NEWARK–Lindy Ruff called the Devils stretch to close out this season their version of playoff hockey. Which is, the obvious thing to say to a mostly sub-25 year-old core that is facing down another postseason absence. It also may be the right way to approach things, because the organizational expectation meter has to be pointing to postseason or bust next year. Because Tuesday at home to the rival-Rangers, the Devils showed the kind of postseason headache they can present.
Rangers netminder and leading candidate for the Vezina, Igor Shesterkin entered Tuesday 16-3-2 in games in which he saw 33 or more shots. And stymied the Devils, who had averaged 33 shots-per-game in their last 18, in the first, before scoring twice in the opening 13:55 of the game, once on a Mika Zibanejad rebound effort and another on an Adam Fox shot New Jersey goaltender, Nico Daws couldn’t find.
But, on the day after the team declared their season’s direction–the Blueshirts acquiring four players for a postseason run and the Devils standing pat on its current lineup to close out the regular season, it was the latter team showing some form of a team wanting to prep themselves for playoff hockey. A Ryan Graves point-shot got through traffic and Shesterkin and on the next New Jersey shot on goal, P.K. Subban also beat the goaltender from distance.
If the Rangers were too in the mode of treating their stretch drive to be some type of playoff preview, the response in the second was convincingly uninspired. The Devils didn’t just carry the play, they provided a near 10-minute offensive onslaught to close out the middle period–outshooting Broadway 10-1, scoring three times and ending Shesterkin’s night after 40:00.
“We came out flying,” Jack Hughes said following his night which included a two-goal third period to ice the 7-4 final. “Anyone that watches us knows our transition game is really good. We don’t lack offense. That’s one thing we know how to do–we know how to score.”
Like the rulebook, scoring in the playoffs is its own entity. And, that doesn’t exclude No. 86, whose pre-NHL career of coming up on the biggest of stages, will still be challenged when the team he re-upped with for eight seasons climbs into the postseason. So, that strength will ultimately need to be coupled with competent goaltending and stingier defense. That fact, if not already known, reiterated by their rivals somewhat concerning performance.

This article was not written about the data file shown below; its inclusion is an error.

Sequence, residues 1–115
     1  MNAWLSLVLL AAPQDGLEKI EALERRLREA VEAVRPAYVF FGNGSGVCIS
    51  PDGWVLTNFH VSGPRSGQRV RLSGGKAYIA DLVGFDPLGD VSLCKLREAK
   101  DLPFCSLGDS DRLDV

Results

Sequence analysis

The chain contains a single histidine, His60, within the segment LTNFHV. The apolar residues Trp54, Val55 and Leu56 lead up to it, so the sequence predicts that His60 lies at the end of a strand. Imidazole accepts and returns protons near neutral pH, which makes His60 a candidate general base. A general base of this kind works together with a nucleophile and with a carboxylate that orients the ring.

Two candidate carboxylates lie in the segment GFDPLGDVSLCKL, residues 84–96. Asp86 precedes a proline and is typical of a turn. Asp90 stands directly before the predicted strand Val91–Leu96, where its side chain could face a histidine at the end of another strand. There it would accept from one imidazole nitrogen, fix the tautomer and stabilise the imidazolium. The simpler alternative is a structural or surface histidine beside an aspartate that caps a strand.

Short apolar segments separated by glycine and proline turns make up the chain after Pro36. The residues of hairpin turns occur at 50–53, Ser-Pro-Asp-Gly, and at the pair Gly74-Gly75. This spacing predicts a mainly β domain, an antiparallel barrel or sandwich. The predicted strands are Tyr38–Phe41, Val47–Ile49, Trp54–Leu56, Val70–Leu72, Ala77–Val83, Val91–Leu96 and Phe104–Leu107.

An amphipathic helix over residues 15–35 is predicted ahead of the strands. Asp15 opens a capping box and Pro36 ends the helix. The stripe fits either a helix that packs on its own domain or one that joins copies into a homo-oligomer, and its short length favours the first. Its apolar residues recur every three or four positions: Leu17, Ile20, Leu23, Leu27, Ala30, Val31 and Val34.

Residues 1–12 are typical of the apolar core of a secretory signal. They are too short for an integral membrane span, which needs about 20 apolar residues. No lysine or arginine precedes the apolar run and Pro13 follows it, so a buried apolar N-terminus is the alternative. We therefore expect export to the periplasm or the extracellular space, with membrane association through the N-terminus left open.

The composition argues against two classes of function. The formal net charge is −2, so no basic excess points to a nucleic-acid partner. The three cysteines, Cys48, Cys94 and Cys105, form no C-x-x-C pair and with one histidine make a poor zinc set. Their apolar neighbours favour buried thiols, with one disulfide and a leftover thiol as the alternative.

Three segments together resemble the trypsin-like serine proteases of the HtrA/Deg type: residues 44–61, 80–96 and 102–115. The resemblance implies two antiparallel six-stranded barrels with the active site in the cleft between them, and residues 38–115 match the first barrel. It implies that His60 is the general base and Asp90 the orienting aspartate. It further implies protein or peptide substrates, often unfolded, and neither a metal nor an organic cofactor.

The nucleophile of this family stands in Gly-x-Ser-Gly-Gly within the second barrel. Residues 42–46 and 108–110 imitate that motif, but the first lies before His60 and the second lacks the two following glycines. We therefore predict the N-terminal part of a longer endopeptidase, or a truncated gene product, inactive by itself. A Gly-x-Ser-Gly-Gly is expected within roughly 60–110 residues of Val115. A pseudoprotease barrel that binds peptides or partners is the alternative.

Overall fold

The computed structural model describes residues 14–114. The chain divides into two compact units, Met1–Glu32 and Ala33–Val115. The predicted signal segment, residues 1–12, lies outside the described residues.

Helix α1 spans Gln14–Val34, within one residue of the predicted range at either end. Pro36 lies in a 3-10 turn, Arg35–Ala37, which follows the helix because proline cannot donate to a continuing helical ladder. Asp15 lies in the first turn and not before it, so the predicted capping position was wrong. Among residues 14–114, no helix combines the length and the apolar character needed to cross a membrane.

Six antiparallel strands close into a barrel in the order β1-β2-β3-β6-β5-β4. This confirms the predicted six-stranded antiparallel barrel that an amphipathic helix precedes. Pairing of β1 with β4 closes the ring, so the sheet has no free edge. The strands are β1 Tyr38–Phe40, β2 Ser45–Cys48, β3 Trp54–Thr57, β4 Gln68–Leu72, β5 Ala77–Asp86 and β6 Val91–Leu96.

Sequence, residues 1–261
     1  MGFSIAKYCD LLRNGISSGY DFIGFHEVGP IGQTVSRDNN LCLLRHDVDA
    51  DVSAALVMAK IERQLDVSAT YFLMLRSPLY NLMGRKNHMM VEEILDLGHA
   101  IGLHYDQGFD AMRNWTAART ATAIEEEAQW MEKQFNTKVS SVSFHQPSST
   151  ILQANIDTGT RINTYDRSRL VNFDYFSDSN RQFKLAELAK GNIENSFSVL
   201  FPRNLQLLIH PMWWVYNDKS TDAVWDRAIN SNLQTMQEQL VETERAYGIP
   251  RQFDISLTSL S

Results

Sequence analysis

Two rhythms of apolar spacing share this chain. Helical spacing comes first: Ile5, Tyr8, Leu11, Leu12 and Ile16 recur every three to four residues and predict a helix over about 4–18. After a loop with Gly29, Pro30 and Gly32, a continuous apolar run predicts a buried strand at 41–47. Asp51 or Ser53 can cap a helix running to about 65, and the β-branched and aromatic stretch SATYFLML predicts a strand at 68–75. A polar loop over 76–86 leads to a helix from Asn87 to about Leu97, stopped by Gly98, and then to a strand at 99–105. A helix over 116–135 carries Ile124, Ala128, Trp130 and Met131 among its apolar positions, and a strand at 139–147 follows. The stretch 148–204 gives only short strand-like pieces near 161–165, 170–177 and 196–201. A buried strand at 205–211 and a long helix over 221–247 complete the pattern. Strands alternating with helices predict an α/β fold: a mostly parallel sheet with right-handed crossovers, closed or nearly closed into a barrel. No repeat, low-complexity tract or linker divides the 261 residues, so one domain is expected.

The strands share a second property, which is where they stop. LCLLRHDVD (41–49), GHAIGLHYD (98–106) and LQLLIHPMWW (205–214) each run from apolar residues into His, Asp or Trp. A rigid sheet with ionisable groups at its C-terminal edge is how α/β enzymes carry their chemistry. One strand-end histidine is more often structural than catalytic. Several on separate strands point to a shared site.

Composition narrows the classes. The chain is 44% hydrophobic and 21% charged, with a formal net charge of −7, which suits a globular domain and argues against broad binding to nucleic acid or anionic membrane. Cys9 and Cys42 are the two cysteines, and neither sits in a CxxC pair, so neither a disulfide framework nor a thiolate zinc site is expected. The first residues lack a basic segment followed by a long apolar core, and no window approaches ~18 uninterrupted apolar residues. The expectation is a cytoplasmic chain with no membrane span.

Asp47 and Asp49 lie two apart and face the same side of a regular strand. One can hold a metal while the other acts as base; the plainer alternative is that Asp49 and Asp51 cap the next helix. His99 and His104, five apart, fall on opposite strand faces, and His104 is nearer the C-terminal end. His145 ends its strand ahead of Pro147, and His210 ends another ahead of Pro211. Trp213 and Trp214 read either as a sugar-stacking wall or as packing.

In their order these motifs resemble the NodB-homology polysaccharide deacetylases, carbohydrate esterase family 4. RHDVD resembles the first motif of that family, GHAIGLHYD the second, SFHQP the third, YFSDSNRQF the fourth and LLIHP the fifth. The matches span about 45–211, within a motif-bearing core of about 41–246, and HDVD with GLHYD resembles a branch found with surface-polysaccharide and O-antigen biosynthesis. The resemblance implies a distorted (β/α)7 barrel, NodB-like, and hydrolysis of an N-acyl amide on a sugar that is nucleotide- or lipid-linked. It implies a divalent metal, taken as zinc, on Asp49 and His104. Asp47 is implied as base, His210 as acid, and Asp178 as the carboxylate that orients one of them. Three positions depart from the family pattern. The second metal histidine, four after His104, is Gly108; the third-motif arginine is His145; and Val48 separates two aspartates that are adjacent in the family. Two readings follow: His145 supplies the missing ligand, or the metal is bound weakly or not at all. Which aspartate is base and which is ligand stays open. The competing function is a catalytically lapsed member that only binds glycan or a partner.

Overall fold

“We were playing too slow,” Ruff said on his team’s inopportune first period. “I thought if we filled lanes a little quicker, we might have some opportunities. Our first two opportunities coming down the ice, we didn’t shoot–we didn’t execute. After that, we really started moving the puck well.
“We went to a little more aggressive forecheck, stressed our transition game and I thought it led to a lot of opportunities.”
Of course, the Rangers are playoff-bound regardless, which makes the showing all the easier to remove from the brain. Though you have to wonder if management may have added even more aggressively if this game were three days earlier.
But, for the Devils, Tuesday showed they can be a tough team to catch up with, particularly against most teams void enough speed to stay with them through a full contest. It’s incumbent on Tom Fitzgerald’s management to find the pieces that can compliment that unique strength–that could be a startling obstacle for whoever gets the likely-dubbed ‘sneaky’ playoff team down the road.
“They got it rolling and we couldn’t stop it,” said Rangers head coach, Gerard Gallant. “A lot of it was self-inflicted but they’re a talented team. They got a lot of great young players that we talked about. They can make those plays when you give them the opportunity.”
Tuesday’s effort could mean a revamp or at the very least, definition of what and who the Devils’ third line is, may be in order. Which is to say, the evaluation period for Jesper Boqvist to be a full-time third-line center remains under review. Andreas Johnsson, who may very well have been among the candidates for a ‘hockey trade’ on Monday, is also trying to stand out as a middle-six winger, who’d rather play a scoring role than shutdown. Tomas Tatar has found his game of late and seems eager to be part of the process undergoing. Defensively, you’d have to wonder who may be a veteran partner for Ty Smith, who could very well need some mentorship, but more importantly, would need a reliable two-way force.
What’s been somewhat punted questions amidst a process in determining who and what this team is, has seemingly reached a point. Tuesday was a definition of what they are and what that can do to some of the league’s upperclass. And that’s reason to figure out some things in quick order.